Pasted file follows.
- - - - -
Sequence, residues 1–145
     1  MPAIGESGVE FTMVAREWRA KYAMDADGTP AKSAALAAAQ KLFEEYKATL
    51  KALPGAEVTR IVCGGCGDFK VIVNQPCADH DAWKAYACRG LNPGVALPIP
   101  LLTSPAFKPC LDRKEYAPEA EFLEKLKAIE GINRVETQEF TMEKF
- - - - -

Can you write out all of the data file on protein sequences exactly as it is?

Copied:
Sequence, residues 1–145
     1  MPAIGESGVE FTMVAREWRA KYAMDADGTP AKSAALAAAQ KLFEEYKATL
    51  KALPGAEVTR IVCGGCGDFK VIVNQPCADH DAWKAYACRG LNPGVALPIP
   101  LLTSPAFKPC LDRKEYAPEA EFLEKLKAIE GINRVETQEF TMEKF